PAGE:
If Spark and Sky are worried that no one really makes money out of streaming, then it's best not to take a peak at Netflix's third-quarter results.
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The global streaming giant did book another profitable quarter for the three months to September 30.
Net income rose 65 per cent to US$665 million revenue rose 32 per cent (on the back of price hikes) to $5.25 billion as it added 6.77m paid subscribers for a total 158m members worldwide, putting it well ahead of its two closest rivals, Amazon Prime Video (around 96m) and the Disney-backed Hulu (around 30m).
But its long-term debt ballooned from the year-go US$10.4 billion to US$12.4b.
Netflix says its costs to buy, produce and license content will be around US$15 billion this year (around US$8billion of which will be on original content) from US$12 billion in 2018 and it will spend another US$2.9 billion on marketing. Hence its big deficit overall.
That means it outspends every other streaming service on the planet, and every TV broadcaster bar sports specialist ESPN.
Netflix ramped up its spending on original content because it anticipated, quite correctly, that content makers like Disney would at some point figure out there was no point in a middle-man in the age of broadband-delivery (hence as it launches its $9.99/month Disney+ streaming service next month in New Zealand, Disney will also be pulling its two Disney channels from Sky and its Marvel content from Netflix).
Similarly, NBC Universal recently said it would forgo its annual payment of US$90m ($134m) a year for licensing Friends to Netflix in favour of running it on its own streaming service from January 2021.
The "long-tail" of library content - much vaunted as Netflix's killer strategy when it launched streaming - is dead. Now, content is king - you've got to make your own, or control exclusive content. Not being able to compete in entertainment, Spark and Sky have decided to concentrate on sport.
More competition is coming over the hill.
Disney+ will be joined by the $8.99/month Apple TV+ (also launching in NZ) and HBO Max (which will initially be US-only).
"The launch of these new services will be noisy. There may be some modest headwind," Netflix said in its third-quarter letter to shareholders, issued on Friday.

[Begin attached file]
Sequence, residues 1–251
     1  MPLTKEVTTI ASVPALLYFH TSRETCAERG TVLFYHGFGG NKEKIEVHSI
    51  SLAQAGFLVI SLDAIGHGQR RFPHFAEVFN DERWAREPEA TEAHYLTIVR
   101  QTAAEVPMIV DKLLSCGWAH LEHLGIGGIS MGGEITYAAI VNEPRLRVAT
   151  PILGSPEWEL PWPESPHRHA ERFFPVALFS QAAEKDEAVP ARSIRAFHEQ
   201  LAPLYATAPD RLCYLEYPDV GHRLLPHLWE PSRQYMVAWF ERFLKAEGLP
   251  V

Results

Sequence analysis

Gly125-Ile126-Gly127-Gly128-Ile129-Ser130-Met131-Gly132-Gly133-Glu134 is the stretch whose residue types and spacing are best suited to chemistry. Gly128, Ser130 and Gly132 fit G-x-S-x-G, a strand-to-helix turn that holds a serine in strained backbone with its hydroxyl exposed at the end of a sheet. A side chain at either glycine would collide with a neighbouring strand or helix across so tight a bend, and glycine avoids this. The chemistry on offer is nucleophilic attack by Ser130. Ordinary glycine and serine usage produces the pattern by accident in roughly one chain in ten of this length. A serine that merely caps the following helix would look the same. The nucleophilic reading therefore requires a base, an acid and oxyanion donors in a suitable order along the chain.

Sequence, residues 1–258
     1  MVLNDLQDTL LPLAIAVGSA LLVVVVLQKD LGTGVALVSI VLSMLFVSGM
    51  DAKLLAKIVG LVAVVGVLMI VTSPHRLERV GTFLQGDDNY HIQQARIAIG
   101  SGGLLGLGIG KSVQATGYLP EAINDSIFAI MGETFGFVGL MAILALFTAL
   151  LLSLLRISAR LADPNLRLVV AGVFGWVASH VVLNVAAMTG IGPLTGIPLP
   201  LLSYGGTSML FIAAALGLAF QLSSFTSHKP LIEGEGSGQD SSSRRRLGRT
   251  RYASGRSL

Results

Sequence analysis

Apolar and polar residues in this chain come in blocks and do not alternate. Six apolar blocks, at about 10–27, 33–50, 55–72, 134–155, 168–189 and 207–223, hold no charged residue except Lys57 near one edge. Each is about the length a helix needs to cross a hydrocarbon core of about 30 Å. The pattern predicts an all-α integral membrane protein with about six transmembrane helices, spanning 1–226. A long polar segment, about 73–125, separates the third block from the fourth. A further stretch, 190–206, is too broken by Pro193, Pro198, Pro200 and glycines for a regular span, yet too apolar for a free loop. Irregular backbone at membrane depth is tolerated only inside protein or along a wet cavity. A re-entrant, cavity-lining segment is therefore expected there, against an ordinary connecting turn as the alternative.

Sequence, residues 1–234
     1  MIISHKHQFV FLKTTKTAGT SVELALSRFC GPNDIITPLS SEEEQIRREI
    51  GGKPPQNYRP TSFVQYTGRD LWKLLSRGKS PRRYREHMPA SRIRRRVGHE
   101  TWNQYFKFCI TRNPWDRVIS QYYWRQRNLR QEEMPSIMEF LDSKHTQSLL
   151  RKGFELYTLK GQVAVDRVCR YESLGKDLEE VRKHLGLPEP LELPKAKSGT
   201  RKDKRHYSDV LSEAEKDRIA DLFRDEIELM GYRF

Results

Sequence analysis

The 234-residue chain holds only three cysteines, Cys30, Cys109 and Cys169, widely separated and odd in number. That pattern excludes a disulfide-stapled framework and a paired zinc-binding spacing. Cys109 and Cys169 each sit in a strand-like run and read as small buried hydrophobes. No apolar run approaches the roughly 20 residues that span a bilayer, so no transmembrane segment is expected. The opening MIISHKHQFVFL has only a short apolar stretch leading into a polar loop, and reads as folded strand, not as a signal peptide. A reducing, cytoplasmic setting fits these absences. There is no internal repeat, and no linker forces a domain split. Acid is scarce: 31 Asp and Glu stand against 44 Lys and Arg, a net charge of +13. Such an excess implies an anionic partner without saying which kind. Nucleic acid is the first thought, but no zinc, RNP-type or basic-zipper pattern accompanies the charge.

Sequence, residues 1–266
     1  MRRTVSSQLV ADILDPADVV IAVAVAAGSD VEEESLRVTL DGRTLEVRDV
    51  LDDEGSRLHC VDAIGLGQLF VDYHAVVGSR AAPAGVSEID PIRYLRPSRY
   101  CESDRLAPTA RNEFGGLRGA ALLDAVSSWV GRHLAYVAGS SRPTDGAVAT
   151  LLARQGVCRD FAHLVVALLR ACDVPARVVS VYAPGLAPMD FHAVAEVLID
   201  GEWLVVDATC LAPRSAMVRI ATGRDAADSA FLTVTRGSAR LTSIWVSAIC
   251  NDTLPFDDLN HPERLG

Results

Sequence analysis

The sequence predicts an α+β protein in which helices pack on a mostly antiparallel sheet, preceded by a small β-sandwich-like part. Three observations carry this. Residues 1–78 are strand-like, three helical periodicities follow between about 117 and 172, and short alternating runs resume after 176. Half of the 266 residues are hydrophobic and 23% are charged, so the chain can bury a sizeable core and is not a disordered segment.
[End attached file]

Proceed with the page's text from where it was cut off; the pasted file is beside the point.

That they will. Apple has spent some US$6b to build a library of content for its Apple TV+, and will be looking to get tens of millions onboard, pronto as it takes on incumbents from Netflix to Hulu to Amazon Prime Video.
And in the US, Disney is taking the hyper-aggressive approach of bundling Disney+, ESPN+ (in which it holds an 80 per cent stake) and Hulu (the Netflix competitor in which it holds a 50 per cent stake) for just US$12.99 per month - nullifying the traditional objection that it can be more expensive to subscribe to multiple streaming services than a traditional pay-TV provider.
It's a fight drenched in blood, or at least red ink. Disney will reportedly lose US$500m this year on Hulu, and some US$650m on ESPN+.
Some would call it a land-grab phase.
While still Sky chief executive, John Fellet said the low-pricing of streaming services represented a "mutual suicide pact."
Certainly, it will be a war of attribution as to who can endure losses the longest (or, for the likes of BT, Optus and Spark, who is the canniest in using streaming a loss-leader for broadband).
One interesting footnote: Netflix began as a DVD rental business, and although its disc-rental business is fast diminishing, it still contributes a meaningful amount to its bottom line.
For the three months to September 30, Netflix said it made a net profit of US$44m from its DVD business in the US (down the year-ago quarter's US$161m).
Some 2.3m Americans still belong to its DVDs-by-snail mail service. That's down from 2.8m this time last last year, but the old discs are still hanging in there and Netflix says its profit margin on the business line has remained steady at 50 per cent.
Sky closed its DVDs-by-mail service Fatso in late 2017.